Turkish food is not well-represented in Singapore compared to other cuisines, but it can still be enjoyed if you like your traditional kebabs and wraps. I would like to see more Turkish snacks like borek and simit available, but in the mean time, doner kebabs, and the traditional Turkish ice cream sold at Clarke Quay by the world’s biggest troll, will have to fill your tummy instead!
Indian food is as Singaporean as Singaporean food itself! Whether you want curries, rice, tandoori, prata, or desserts like kulfi or gulab jamun, they can all be found on the island. I think the cheapest Indian meals can be found in the traditional area of Little India, although food hygiene may be a problem there (in my observations). I still haven’t found a decent Vada Pav, though!
Mexican food is one of my ultimate cuisines, and after a slow start, it seems to be becoming more and more prevalent in Singapore. Recently, Vatos Urban Tacos opened near the South Beach Quarter, and this is a famous Mexican food franchise from South Korea. Burritos and nachos are also very popular here, from chains like Senor Taco and MexOut.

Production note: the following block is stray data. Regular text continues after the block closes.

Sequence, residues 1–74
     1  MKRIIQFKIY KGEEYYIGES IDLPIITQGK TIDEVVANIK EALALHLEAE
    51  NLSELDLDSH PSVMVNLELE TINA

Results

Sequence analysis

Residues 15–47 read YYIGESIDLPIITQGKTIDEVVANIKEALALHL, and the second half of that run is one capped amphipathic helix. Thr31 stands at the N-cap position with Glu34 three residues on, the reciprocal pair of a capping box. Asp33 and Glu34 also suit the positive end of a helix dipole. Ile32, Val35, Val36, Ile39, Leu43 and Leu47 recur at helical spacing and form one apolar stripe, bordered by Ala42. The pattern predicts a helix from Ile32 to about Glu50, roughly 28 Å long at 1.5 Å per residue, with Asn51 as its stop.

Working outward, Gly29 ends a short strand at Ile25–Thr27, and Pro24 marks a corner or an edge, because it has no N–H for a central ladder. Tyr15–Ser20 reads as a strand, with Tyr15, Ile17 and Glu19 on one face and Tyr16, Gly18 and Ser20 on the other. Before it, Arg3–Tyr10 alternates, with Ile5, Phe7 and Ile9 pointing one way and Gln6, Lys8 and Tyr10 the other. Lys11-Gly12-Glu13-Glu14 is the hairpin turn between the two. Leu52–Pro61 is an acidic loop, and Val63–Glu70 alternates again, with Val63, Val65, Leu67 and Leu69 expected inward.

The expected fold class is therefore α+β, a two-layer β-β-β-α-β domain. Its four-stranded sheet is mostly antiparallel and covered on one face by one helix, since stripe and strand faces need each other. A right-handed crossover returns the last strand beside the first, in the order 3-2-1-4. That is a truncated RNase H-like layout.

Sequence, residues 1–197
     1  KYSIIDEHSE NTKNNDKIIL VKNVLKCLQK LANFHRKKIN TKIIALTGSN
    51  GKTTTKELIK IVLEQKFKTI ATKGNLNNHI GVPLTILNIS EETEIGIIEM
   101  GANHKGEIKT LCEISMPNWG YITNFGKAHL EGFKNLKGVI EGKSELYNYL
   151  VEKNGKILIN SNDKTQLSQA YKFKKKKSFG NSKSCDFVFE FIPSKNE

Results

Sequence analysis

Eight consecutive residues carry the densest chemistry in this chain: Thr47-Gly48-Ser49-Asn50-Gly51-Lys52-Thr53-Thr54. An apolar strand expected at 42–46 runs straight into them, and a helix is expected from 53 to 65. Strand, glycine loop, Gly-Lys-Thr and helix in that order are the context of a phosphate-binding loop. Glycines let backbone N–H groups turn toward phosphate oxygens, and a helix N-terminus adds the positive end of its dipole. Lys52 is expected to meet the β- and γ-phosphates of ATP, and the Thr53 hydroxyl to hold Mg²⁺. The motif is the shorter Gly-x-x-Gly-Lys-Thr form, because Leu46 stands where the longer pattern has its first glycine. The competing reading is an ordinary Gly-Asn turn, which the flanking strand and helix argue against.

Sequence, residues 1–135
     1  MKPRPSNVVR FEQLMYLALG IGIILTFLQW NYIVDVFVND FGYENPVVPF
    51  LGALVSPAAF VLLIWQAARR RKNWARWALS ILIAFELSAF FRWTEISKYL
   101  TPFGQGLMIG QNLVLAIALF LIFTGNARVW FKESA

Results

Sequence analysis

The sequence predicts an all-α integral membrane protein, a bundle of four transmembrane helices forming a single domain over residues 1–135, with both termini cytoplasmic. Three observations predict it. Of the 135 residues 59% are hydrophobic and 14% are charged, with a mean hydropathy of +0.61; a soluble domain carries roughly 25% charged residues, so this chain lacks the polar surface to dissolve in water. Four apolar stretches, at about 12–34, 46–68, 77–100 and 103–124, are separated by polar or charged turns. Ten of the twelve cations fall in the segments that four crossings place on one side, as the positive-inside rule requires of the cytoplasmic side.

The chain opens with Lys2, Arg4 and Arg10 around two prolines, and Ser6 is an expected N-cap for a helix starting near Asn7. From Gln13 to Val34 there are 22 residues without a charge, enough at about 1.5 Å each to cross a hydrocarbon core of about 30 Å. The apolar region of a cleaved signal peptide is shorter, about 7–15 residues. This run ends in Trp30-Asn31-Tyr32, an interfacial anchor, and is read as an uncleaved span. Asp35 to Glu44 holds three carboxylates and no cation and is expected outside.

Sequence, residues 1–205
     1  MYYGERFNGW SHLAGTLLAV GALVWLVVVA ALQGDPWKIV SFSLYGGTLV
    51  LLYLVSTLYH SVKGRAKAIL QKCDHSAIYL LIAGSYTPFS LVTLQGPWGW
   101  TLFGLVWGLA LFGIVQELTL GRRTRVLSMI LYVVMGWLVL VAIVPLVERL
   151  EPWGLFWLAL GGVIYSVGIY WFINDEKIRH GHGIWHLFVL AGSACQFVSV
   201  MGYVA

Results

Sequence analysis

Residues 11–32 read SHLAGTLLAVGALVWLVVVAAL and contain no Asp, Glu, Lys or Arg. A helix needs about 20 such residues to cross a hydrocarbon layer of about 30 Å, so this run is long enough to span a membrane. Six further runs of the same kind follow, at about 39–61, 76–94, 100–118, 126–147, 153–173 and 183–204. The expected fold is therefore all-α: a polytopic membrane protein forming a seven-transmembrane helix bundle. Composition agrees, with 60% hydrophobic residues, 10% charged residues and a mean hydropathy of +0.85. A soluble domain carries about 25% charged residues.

American food can be found everywhere in Singapore, and I guess this is a great thing for people who don’t want to try Asian food when they visit the Little Red Dot. You of course have your Burger Kings and your McDonald’s restaurants on almost every corner, but if you’re prepared to pay a higher price for your meal, then you will notice that Singapore has some of the tastiest American-style burgers in the world – there really is a burger war here at the moment (Butcher’s Club is one of the very best)!
They say that eating is the national pastime for the average Singaporean, and who can blame them when such a wide array of top-quality food from around the globe is available on their doorstep?!